Day 1 :
CDH International, USA
Time : 10:00-10:40
Purpose: To assess the opinions of parents of children born with Congenital Diaphragmatic Hernia on how well the medical professionals cared for and communicated with the patients and their families.
Methods: We reviewed the results of our survey for 161 patients between the years 1995 and 2017. This study included 53 female survivors, 64 male survivors, 27 female non-survivors, and 17 male non-survivors. Parents were asked basic subjective questions on how well they felt they were treated and how well they were informed of their child’s diagnosis.
Results: 90.6% of survivors’ and 77.3% of non-survivors’ parents said they felt the hospital staff did well in taking care of the patient and involved the parents in the decision making process. 3.4% survivors’ and 15.9% of non-survivors’ parents responded negatively. A total of 6.2% either didn’t respond or had no comment. When asked if the parent was given enough information about their child’s diagnosis, 76.9% of parents of survivors and 68.2% of parents of non-survivors answered affirmatively. 19.7% of survivors’ and 27.3% of non-survivors’ parents responded in the negative. 3.8% either had no comment or did not respond. The participants were then asked if the patient’s doctor explained the diagnosis in terms they could easily understand. Of the non-survivor’s families, 77.3% said “yes” and 15.9% said “no.” Of the survivor’s families, 88% responded “yes” and 6.8% “no.” The remaining 6.2% of both survivors and non-survivors either did not know or had no comment.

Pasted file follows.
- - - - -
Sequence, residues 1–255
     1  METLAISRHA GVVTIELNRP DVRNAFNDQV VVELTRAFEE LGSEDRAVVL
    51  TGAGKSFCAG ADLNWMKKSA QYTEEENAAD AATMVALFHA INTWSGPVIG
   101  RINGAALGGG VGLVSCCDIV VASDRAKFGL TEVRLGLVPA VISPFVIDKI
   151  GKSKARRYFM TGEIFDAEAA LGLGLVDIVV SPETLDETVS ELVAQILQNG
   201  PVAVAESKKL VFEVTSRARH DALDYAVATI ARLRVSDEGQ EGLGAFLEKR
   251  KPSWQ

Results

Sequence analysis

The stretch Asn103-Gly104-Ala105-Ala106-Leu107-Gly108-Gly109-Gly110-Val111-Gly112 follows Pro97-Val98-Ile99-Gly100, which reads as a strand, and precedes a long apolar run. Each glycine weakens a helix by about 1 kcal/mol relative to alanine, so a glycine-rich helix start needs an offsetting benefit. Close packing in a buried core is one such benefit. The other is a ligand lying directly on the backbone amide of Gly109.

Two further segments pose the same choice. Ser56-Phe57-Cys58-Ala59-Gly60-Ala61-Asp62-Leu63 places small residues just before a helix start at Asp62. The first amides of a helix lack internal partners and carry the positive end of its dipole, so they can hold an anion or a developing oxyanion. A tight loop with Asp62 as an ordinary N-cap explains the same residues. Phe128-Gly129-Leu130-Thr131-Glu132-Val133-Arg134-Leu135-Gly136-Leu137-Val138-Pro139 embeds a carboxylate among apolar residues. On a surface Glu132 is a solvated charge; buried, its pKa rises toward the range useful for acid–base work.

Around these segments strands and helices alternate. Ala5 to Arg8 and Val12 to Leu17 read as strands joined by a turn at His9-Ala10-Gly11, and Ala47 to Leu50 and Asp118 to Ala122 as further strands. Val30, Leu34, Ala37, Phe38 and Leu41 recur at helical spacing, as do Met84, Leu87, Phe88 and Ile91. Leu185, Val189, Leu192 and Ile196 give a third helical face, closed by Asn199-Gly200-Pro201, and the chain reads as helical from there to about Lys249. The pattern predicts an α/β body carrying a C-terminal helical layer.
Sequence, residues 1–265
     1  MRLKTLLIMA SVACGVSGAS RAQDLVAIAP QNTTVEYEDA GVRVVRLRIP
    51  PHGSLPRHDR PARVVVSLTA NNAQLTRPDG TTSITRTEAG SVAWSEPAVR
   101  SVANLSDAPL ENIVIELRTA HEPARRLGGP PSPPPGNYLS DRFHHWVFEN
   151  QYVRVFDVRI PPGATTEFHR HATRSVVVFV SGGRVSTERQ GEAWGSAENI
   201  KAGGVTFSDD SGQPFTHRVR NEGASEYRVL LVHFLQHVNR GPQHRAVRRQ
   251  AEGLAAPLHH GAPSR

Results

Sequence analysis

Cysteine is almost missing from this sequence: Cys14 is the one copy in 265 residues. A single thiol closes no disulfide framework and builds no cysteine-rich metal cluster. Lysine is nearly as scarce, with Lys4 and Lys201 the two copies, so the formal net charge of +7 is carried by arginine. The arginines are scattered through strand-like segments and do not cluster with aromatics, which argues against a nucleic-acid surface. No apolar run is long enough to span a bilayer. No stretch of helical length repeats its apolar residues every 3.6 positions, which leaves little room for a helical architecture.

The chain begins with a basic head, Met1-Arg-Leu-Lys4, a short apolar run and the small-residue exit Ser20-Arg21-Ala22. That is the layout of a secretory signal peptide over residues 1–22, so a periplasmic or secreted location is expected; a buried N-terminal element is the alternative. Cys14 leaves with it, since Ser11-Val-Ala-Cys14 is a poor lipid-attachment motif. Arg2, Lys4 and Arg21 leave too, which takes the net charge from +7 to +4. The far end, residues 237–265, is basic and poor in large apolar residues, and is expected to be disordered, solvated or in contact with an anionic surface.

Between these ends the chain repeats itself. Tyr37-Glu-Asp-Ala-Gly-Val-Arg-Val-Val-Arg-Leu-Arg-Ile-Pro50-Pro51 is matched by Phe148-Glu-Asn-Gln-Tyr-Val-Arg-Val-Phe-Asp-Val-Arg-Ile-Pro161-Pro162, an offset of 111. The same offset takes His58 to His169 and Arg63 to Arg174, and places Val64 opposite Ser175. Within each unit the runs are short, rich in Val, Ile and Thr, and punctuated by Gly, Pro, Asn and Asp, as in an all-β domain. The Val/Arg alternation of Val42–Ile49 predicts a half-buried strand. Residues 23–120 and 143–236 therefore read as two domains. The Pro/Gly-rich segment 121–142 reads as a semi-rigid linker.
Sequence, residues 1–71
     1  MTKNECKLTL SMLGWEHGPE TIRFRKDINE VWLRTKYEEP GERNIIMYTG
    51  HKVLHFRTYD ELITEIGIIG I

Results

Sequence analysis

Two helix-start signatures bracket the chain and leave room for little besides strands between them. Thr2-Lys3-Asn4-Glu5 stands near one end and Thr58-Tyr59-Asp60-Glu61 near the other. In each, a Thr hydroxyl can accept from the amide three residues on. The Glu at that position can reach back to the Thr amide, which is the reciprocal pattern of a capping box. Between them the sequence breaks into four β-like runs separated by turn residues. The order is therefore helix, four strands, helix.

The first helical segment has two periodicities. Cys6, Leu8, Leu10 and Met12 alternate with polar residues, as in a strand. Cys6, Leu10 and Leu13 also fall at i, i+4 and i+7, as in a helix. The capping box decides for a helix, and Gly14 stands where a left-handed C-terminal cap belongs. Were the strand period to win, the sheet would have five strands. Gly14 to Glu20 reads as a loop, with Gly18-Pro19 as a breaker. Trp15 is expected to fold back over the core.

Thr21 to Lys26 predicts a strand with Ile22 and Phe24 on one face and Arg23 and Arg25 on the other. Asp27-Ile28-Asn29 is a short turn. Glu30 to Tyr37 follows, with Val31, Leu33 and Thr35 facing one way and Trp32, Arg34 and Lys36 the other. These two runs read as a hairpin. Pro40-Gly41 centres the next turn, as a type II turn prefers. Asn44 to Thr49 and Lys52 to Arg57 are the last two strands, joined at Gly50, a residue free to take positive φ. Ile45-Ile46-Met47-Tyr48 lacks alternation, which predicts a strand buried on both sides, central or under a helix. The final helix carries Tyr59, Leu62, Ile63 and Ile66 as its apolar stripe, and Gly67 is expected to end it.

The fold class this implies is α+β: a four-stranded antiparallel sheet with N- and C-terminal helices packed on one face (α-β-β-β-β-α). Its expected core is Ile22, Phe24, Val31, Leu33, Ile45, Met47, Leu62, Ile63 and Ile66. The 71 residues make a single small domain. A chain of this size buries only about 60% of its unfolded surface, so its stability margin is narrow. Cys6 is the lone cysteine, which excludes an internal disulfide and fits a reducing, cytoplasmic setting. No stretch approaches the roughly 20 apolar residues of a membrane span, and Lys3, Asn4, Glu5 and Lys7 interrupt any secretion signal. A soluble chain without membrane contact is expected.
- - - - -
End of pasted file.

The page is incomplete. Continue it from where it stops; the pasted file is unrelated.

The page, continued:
Conclusion: The vast majority of respondents agreed that their hospital experience was sufficient, there is still room to improve within the field of medical professionals. Our collected data can offer important insight into which hospitals need development and which institutions can be models for such development.
Institute of Biomedical Sciences of Oporto University, Portugal
Keynote: Effect of Taijiquan and Qigong on emotional and behavioral disorders in children and adolescents
Time : 10:40-11:20
Jorge Magalhães Rodrigues is a Traditional Chinese Medicine Specialist by the Institute of Biomedical Sciences of Oporto University. With 18 years of experience in the field, focused in Taijiquan and Qigong, early career in sports granted him several official national and international titles, gradually turning solely to the therapeutic effect of these modalities, especially in children. In addition, he is founder and president of the Portuguese Institute of Taiji and Qigong.
Child development and wellness are strictly dependent on several factors among them physical activity, a proper nutrition and, of critical importance, a healthy mind. Psychopathologies like attention deficit hyperactivity disorder (ADHD), oppositional defiant disorder (ODD), conduct disorder (CD), Anxiety and depressive disorders (ADD), and Autism Spectrum disorder (ASD) have a direct negative impact on social, academic or occupational functioning of the affected children. If left untreated, these pathologies may progress to adulthood, thus requiring research strategies on conventional and nonconventional modalities of treatment. Several studies have already been performed on children and adolescents using Taijiquan and/or Qigong as treatment. These techniques follow the philosophy of Traditional Chinese Medicine, aiming to act and restore normal functioning of the body as a whole. With that in mind, this communication will present recent results on the topic, shedding some light on these alternative and complementary techniques for the treatment of emotional and behavioral disorders in children and adolescents.